Skip to main content
eScholarship
Open Access Publications from the University of California

Important risk factors in melanoma from the Dermato-Oncologic Unit of Brescia, Italy

  • Author(s): Manganoni, Ausilia Maria
  • Zanotti, Federica
  • Farisoglio, Camillo
  • Feroldi, Piero
  • Facchetti, Fabio
  • Calzavara-Pinton, Piergiacomo
  • et al.
Main Content

Important risk factors in melanoma from the Dermato-Oncologic Unit of Brescia, Italy
Ausilia Maria Manganoni MD, Federica Zanotti, Camillo Farisoglio, Piero Feroldi, Fabio Facchetti, Piergiacomo Calzavara-Pinton
Dermatology Online Journal 16 (1): 17

1. Department of Dermatology, University Hospital Spedali Civili, Brescia, Italy. manganoni@spedalicivili.brescia.it
2. Department of Medical Physics, University Hospital Spedali Civili, Brescia, Italy
3. Department of Pathology I, University Hospital Spedali Civili, Brescia, Italy.


Abstract

One of the most significant risk factors for melanoma is a positive family history of the disease. It is estimated that approximately 10 percent of melanoma cases report a first-or second-degree relative with melanoma. We reported the experience of the Dermato-Oncologic Unit of Brescia, Italy.


One of the most significant risk factor for melanoma is the family history of the disease. It is estimated that approximately 10 percent of melanoma cases report a first-or second-degree relative with melanoma [1]. Features associated with increased genetic susceptibility to cutaneous melanoma include the presence of multiple affected first-degree relatives on one side of the family, multiple primary melanomas in the same individual, earlier age of onset, and the presence of multiple atypical nevi. However, none of these factors reliably predicts for the presence of genetic mutations [2]. Only a subset of these patients has melanoma that is attributable to the inheritance of mutations in melanoma susceptibility genes. The proportion of all cutaneous melanomas that is due to these genes is unknown, but is estimated to be less than 1 to 2 percent [3].

We reported the experience of the Dermato-Oncologic Unit of Brescia, Italy between January 1, 1984 and June 30, 2009. A retrospective review identified, in a total of 1625 patients; 22 patients (12 males and 10 females) had histologically confirmed family members with melanoma (Table 1). Only the patients that had a family member also in our unit were included. The age of diagnosis ranged from 24 to 73 (average 41.5), compared with an average of 53.5 for melanoma in the general population [4]. In addition to a positive family history, a number of individuals had other markers of genetic susceptibility to melanoma: 2 patients had a second primary melanoma, developing from 1-28 years after the initial cancer; 3 patients had 3 primary melanomas, and 1 patient developed 11 melanomas. The total number of melanomas was 40, all in sun-exposed areas. In addition, 11 patients had dysplastic nevi biopsied at a different time than melanoma.

According to Breslow thickness there were 12 cases in situ (30%), 20 cases with Breslow thickness less than 1 mm (50%), 4 cases ranged from 1 to 2 mm (10%), 3 cases ranged from 2 to 3 mm (7.5%), and 1 case with Breslow higher than 4 mm (2.5%). Anatomically, the lesions appeared most frequently on the trunk (40.5%) followed by upper extremities (31%), lower extremities (23.7%), and head and neck (4.8%). Genetic analysis showed that the female with 11 melanomas had a CDKN2A mutation in chromosome 9p21, identified as the common p16 missense mutation (Gly101Trp). This patient had a Fitzpatrick skin type II, many melanocytic nevi, widespread solar lentigines, and a history of sunburns in childhood. There was an interval of 19 years between the removal of her first and eleventh melanoma; the age at first diagnosis was 38 years. All 11 melanomas occurred in sun-exposed areas: 4 on the upper trunk, 2 on left leg, one on the right leg, one on the face, one on the right forearm, one on the left arm, and one on the right arm. Out of the 11 tumors, 5 melanomas were in situ and 6 melanomas had a thickness of ≤ 0.86 mm.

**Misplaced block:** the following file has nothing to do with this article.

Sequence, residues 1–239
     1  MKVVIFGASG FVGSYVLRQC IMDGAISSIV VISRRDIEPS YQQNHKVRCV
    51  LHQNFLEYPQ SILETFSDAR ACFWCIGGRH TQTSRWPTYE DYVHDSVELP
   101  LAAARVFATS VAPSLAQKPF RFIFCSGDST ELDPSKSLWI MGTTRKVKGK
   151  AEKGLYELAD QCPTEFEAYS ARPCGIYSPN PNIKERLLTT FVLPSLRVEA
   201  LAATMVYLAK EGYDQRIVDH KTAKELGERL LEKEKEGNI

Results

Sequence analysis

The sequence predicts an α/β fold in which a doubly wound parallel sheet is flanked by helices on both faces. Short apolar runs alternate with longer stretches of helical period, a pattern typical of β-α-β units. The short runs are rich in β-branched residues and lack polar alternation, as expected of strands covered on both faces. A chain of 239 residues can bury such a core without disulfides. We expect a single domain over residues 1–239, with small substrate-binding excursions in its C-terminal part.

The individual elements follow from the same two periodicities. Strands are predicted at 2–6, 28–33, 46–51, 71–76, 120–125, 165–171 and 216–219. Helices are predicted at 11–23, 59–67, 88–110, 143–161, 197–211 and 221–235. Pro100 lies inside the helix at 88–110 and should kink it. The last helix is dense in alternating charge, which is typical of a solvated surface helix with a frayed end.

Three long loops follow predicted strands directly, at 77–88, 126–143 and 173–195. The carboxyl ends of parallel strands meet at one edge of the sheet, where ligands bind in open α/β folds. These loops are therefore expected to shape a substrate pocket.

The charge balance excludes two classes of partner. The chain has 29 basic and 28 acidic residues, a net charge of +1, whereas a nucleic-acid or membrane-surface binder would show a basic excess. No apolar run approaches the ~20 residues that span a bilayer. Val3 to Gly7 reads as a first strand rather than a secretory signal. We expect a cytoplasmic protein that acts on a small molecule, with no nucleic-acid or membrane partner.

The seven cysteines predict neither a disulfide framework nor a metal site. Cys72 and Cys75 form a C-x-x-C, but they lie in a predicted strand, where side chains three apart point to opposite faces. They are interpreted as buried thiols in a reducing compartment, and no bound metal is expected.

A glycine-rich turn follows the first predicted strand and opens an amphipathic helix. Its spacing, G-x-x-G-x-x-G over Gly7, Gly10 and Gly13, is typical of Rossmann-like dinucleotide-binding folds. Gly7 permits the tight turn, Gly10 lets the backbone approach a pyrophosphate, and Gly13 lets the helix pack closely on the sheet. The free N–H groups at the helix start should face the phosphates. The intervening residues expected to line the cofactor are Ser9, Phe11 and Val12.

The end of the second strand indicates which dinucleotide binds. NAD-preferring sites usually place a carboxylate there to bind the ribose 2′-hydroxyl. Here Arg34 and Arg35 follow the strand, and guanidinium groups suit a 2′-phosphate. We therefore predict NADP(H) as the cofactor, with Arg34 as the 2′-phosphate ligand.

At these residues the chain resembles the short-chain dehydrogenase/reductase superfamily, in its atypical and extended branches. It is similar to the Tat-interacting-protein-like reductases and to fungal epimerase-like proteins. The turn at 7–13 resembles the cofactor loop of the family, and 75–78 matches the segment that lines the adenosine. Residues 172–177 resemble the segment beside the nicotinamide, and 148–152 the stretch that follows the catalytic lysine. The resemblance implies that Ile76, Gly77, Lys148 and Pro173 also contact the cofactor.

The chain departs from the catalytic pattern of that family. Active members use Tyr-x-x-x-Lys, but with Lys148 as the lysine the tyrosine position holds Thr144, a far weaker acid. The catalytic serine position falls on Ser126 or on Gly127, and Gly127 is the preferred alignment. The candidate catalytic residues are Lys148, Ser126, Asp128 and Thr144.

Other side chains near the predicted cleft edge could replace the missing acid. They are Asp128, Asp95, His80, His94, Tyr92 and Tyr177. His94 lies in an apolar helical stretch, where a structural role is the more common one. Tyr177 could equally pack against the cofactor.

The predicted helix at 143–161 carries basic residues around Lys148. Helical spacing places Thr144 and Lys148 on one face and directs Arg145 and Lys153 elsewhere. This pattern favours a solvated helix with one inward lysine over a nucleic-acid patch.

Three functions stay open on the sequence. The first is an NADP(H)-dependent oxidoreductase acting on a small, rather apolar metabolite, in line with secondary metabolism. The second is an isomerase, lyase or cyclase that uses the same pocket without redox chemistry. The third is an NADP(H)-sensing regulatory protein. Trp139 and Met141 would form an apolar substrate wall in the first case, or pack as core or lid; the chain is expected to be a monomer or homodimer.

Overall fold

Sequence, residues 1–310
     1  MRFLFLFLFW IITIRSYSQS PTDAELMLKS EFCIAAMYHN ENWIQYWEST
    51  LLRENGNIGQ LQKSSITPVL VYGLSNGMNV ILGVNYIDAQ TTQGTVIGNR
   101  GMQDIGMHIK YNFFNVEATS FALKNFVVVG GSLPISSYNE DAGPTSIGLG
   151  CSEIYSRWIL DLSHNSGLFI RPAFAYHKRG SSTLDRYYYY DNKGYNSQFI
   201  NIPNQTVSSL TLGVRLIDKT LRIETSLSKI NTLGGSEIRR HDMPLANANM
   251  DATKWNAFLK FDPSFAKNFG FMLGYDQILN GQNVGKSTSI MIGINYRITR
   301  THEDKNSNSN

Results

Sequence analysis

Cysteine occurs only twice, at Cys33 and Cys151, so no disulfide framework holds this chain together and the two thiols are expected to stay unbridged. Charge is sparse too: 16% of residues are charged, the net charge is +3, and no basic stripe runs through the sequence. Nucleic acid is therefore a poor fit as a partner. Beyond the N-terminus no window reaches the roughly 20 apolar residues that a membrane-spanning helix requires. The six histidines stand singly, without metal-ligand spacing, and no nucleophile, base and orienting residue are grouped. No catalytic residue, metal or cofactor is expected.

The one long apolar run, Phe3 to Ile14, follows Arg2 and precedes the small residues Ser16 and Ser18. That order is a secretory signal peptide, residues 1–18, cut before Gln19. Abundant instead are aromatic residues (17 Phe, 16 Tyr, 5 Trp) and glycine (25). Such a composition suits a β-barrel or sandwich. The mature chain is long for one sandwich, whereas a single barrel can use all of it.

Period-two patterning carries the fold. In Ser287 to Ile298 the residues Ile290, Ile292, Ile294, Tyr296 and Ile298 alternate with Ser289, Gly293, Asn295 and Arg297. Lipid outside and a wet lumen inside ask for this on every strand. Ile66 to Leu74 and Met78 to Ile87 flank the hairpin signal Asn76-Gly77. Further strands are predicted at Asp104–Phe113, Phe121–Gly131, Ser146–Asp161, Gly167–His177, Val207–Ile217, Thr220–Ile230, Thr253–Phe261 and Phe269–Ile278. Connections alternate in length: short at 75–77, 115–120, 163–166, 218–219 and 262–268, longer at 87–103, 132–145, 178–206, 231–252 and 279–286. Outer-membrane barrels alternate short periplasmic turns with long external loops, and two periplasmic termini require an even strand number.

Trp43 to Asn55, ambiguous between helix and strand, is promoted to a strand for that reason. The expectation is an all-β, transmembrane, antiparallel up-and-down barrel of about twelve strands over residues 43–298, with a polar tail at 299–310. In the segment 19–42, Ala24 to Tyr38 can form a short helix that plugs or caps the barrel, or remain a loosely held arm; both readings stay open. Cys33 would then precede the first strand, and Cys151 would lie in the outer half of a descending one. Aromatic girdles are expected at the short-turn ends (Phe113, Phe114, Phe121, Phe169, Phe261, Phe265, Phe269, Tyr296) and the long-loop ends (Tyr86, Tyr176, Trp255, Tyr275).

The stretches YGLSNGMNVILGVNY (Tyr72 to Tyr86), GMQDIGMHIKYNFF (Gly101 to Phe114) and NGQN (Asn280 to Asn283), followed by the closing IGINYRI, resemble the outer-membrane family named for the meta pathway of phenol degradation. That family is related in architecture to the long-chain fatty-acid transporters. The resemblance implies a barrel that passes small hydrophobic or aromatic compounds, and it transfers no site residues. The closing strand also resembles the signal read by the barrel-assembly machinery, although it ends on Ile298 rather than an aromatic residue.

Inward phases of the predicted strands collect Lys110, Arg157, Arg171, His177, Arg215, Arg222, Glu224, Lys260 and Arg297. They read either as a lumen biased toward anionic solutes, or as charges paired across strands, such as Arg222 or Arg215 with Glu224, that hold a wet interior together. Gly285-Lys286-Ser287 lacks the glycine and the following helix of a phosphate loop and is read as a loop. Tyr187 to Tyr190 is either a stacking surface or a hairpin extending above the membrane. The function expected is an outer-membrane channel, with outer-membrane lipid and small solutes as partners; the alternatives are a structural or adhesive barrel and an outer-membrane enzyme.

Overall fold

Moreover recent literature data point to the genetic predisposition for melanoma but suggest that new genetic loci could be linked to melanoma susceptibility [5, 6, 7]. From a clinical point of view, melanoma requires a multidisciplinary approach and a constant clinical follow-up by dermatologists with a goal of the early detection of the disease.

References

1. Hayward NK. Genetics Of melanoma predisposition. Oncogene 2003;22(20) :3053-62. [PubMed]

2. Santillan AA, Cherpelis BS, Glass LF, Sondak VK. Management of familial melanoma and nonmelanoma skin cancer syndromes. Surg Oncol Clin N Am 2009;18(1):73-98 [PubMed]

3. Kefford RF, Mann GJ. Is there a role for genetic testing in patients with melanoma? Curr Opinin Oncol 2003;15(2):157-161 [PubMed]

4. Buettner PG, Leiter U, Eigentler TK, Garbe C. Development of prognostic factors and survival in cutaneous melanoma over 25 years. Cancer 2005;103(3):616-24. [PubMed]

5. Kerstann KF.,Bradford PT, Steighner R et al. No Evidence for Linkage with Melanoma in Italian Melanoma-Prone Families. Cancer Epidemiol Biomarkers Prev 2008;17(7):1838-40. [PubMed]

6. Vignoli M, Scaini MC, Ghiorzo P. et al. Genomic rearrangements of the CDKN2A locus are infrequent in Italian malignant melanoma families without evidence of CDKN2A/CDK4 point mutations. Melanoma Res 2008;18 (6):431-7. [PubMed]

7. Pastorino L., Bonelli L., Ghiorzo P. et al CDKN2A mutations and MC1R variants in Italian patients with single or multiple primary melanoma. Pigment Cell Melanoma Res. 2008 21(6):700-9. [PubMed]

© 2010 Dermatology Online Journal